The review board, appointed by Syring, was made up of officials and engineers who oversaw the test and stood to share responsibility for any deficiencies in the interceptor’s performance.
The panel was led by the missile agency’s chief engineer and included representatives from the lead GMD contractors: Boeing Co., Raytheon Co. and Aerojet Rocketdyne, maker of the thrusters. Consultants from two academic research centers also participated.
Syring declined to be interviewed for this article.
Johnson, the missile agency spokesman, said the review board’s report remains classified. The findings, however, are summarized in the most recent annual report of the Pentagon’s Office of Operational Test and Evaluation. The voluminous survey of U.S. weapons systems is prepared for Congress and the secretary of Defense.
The latest edition, released last month, rates the reliability of GMD and the day-to-day “availability,” or readiness, of its interceptors as “low,” and says that tests have revealed unspecified “new failure modes.”
Regarding the January 2016 exercise, the report said all four of the interceptor’s thrusters “turned on and off as commanded” at the outset. But one thruster could not be restarted after the circuit board that powered it “experienced a short,” the report said.
The report cited the review board’s finding that “foreign object damage” was the most likely cause.
The test office’s reports are tracked closely by congressional aides and can influence support for a defense system. Although the office writes the reports, its analysts typically depend on the relevant agency or service branch to confirm technical details.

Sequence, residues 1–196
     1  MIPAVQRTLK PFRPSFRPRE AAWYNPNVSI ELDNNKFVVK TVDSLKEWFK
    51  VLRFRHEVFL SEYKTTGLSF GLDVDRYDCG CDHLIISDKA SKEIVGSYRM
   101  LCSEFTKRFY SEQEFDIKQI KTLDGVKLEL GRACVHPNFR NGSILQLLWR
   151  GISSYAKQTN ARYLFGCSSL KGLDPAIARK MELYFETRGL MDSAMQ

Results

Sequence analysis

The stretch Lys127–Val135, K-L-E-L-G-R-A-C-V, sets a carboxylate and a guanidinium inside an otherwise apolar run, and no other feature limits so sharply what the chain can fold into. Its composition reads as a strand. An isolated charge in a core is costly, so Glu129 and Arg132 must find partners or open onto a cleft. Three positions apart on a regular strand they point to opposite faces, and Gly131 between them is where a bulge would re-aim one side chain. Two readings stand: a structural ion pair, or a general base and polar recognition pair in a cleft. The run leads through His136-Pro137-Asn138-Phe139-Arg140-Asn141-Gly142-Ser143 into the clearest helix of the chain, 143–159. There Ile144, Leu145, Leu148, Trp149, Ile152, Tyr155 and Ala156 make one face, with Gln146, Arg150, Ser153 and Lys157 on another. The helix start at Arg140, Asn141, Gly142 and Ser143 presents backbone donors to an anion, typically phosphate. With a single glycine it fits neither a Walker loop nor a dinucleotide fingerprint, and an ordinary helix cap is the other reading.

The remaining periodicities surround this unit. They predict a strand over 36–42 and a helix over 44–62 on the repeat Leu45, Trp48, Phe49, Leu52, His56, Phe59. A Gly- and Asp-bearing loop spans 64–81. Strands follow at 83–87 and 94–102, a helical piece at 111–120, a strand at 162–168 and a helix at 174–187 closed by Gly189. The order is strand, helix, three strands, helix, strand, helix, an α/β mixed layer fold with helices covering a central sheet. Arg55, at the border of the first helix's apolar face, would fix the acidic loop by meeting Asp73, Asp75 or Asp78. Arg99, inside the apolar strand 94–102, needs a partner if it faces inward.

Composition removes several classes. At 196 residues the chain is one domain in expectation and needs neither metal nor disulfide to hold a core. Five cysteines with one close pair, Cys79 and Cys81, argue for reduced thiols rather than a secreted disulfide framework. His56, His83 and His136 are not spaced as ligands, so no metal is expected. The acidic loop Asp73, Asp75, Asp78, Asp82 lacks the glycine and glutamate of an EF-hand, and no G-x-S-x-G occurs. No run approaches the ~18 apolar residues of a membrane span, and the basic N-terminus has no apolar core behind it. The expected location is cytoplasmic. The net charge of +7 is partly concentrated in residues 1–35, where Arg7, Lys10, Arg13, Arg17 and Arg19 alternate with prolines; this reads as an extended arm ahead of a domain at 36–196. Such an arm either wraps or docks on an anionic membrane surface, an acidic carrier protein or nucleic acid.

Tensions arose over how the office would characterize the January 2016 flight test.
The missile agency insisted that the report say the redesigned thrusters — technically known as alternate divert thrusters or ADTs — worked flawlessly, and that the mishap stemmed from an unrelated problem with the interceptor’s electronics.
“They made a big deal about, ‘The ADTs worked as designed.’ And in fact, when you look at it, no, they didn’t,” said a government official familiar with the matter. “Because the one thruster didn’t fire.... If this was actually an intercept, it probably would have missed.’’
The test office report ultimately said the suspect circuit board was “associated with” the thruster. But the report accommodated the missile agency by saying the circuit board “is not considered part of the ADT subsystem.”
In fact, though the thruster itself was not found to be at fault, it needed the circuit board for power and could not function without it.
GMD has cost taxpayers more than $40 billion to date. In a report last year, the U.S. Government Accountability Office said the system’s performance had been “insufficient to demonstrate that an operationally useful defense capability exists.”
The Pentagon is studying locations for a possible third GMD site in the eastern half of the United States. The site would house 20 to 60 interceptors and cost billions of dollars.